Lean Six Sigma practitioners use a wide variety of tools to deliver their process improvement projects. Perhaps two of the most common tools are DMAIC and DMADV. Centred around improving the processes that underpin an organisation, DMAIC and DMDAV provide reliable frameworks that put customer needs, real data and scientific design at the forefront of process improvement.
Being similar concepts, these two tools are often confused for one another by those just getting started with Lean Six Sigma. In this article we will cover each framework in more detail and discuss the differences between DMAIC and DMADV.
What is DMAIC?
The most robust and widely-used Lean Six Sigma tool, DMAIC is used to improve existing processes. DMAIC seeks to identify, measure and resolve the causes of unknown problems with a process using data and statistical analysis.
DMAIC stands for:
- Define. Define the problem with the process and use that information to establish the goals of the project and the needs of the process customers. The Define stage helps to focus the project and ensures its goals are aligned with those of the organisation.
- Measure. Measure the process to collect data on current performance. This helps to both quantify the problem being experienced and establishes baseline performance prior to improvement projects.
- Analyse. The Analyse phase focuses on identifying the root cause of the problem to uncover the true issues with the process.
- Improve. With the root cause identified, the process improvement team can begin making improvements and implementing their plan. The Improve phase is also where Lean Six Sigma professionals will refine their countermeasures, carry out solutions and collect data to find out if there is a measurable improvement.
- Control. The Control phase seeks to develop ways to maintain the improvements made to a process. The focus here is on creating sustainable change that delivers positive results over the long-term, usually through continuous monitoring and updating of the process.
What is DMADV?
DMADV is a Lean Six Sigma tool that assists with the development of new products, services and processes. Using DMADV provides solid grounding for new processes by identifying key deliverables and basing the development cycle on real data and analysis.
DMADV stands for:
- Define. Define the problem the business is experiencing and how a new process can resolve that problem. This stage includes identifying project goals, customer deliverables, project scope, allocated resources and an estimated timeline.
- Measure. The Measure phase works to understand the customer’s requirements. Customer requirements can then be used to identify things that are Critical to Quality (CTQ) in the new process. Each CTQ that is identified requires its own measurement systems.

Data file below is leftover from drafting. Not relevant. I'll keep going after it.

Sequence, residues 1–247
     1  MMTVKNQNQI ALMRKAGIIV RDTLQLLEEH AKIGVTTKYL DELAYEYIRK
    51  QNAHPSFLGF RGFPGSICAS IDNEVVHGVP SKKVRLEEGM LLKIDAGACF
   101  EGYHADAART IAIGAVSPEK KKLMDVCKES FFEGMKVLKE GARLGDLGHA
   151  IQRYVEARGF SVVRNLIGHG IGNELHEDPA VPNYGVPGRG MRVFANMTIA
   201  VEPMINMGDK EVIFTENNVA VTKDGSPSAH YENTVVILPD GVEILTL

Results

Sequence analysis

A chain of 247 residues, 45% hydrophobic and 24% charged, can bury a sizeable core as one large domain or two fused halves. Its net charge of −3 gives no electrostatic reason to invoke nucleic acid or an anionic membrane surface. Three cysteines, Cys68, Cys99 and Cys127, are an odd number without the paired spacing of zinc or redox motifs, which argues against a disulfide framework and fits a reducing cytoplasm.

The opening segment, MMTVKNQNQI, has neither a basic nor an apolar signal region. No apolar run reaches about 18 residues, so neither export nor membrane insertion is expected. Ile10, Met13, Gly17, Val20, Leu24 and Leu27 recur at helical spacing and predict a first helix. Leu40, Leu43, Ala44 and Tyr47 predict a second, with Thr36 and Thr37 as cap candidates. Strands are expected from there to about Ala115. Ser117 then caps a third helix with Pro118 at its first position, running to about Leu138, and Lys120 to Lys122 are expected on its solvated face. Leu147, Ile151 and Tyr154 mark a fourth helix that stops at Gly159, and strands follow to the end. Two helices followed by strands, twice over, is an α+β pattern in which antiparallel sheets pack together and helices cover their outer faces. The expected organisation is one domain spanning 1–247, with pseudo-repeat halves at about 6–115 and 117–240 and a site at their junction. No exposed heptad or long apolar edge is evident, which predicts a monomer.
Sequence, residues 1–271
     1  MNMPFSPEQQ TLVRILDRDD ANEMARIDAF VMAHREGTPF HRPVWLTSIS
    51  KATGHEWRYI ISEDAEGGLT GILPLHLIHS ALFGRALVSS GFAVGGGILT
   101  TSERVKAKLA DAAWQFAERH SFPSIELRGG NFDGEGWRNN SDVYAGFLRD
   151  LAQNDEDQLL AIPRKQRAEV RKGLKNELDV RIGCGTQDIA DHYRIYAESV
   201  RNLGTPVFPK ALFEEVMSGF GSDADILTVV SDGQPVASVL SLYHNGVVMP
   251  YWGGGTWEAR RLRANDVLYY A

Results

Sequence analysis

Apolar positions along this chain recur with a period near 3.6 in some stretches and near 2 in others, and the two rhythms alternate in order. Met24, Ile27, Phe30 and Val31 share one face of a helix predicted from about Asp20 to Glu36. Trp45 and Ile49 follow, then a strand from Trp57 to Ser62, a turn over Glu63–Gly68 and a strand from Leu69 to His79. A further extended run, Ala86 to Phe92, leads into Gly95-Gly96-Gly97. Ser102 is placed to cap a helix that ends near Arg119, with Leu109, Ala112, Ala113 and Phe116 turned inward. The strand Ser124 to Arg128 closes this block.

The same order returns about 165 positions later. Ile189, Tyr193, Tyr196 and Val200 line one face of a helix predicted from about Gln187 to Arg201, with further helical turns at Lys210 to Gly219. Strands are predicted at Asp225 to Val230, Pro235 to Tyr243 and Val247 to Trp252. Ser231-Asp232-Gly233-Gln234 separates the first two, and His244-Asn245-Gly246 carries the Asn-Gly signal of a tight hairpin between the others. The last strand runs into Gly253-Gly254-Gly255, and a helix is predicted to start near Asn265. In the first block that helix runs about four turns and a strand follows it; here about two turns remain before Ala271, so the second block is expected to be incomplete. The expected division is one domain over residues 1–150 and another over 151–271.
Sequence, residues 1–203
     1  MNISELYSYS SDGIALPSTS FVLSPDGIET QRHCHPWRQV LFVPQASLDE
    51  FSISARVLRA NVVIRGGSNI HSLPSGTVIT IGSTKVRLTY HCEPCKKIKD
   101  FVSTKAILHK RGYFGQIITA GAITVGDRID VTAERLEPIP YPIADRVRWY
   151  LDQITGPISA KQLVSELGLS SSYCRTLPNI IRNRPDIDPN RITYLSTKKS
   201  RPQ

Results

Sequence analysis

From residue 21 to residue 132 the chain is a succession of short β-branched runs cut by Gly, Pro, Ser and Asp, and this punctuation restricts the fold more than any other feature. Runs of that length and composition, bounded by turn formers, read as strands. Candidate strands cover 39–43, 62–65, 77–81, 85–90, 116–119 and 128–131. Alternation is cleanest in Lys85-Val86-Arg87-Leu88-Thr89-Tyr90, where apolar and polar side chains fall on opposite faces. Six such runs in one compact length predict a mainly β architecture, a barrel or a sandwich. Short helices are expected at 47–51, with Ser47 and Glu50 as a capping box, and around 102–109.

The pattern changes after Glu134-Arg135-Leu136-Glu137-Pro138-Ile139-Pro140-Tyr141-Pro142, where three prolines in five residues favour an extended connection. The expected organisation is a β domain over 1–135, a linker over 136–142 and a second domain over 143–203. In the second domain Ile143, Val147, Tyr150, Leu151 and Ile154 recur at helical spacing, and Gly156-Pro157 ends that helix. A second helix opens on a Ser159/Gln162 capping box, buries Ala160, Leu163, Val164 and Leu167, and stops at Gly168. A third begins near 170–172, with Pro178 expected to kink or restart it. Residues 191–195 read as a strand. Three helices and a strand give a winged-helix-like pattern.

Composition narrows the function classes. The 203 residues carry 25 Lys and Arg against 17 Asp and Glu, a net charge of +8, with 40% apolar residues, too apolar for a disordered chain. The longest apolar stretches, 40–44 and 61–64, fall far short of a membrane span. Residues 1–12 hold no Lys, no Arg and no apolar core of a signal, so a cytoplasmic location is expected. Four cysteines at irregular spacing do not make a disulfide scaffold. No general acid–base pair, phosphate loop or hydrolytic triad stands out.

- Analyse. During the Analyse phase, design concepts that will address customer demands and CTQs are developed. The Analyse phase also generates alternative design concepts, which can later be evaluated and have their best parts combined to create the final process design.
- Design. The best process design from the Analyse phase is converted into a prototype during the Design phase.
- Verify. In the final stage of the process, the prototype from the Design phase is validated. The Verify phase seeks to make sure the new process addresses all CTQs, performs its intended functions and aligns with organisational goals.
The DIfference Between DMAIC and DMADV
While DMAIC and DMADV share three of the same letters, the two tools differ widely in their application. The primary difference between the two tools is the way they are used. Where DMAIC is used to define, measure and improve existing business processes, DMADV is exclusively used to develop new processes (such as products and services).
DMAIC and DMADV also differ in several other ways:
- DMAIC measures how a process is currently performing. DMADV measures a customer’s needs and seeks to develop a matching process.
- DMAIC aims to minimise the defects in a process, reducing waste and delivering organisational performance increases. DMADV designs business models to meet customer requirements.
- DMAIC establishes controls to monitor the ongoing performance of a process. DMADV undergoes testing and simulations to verify that the process meets the needs of customers and the organisation.
Despite the difference in their applications, DMAIC and DMADV work together to deliver stronger processes that directly address the needs of customers. Combined, these two tools deliver on the central mission of Lean Six Sigma, which is to reduce organisational waste and improve the quality of products.
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Lean and Six Sigma offer a variety of tools designed to improve the way organisations operate. Reducing waste and improving product quality saves money and increases customers satisfaction, ultimately leading to greater profits and better outcomes for customers. DMAIC and DMADV are just two of the tools taught as part of the Lean Six Sigma training courses at Thornley Group. Our programmes can be tailored to meet the needs of every member of your business, from the factory floor to the boardroom. Contact us today for more information on our Lean Six Sigma and corporate solutions.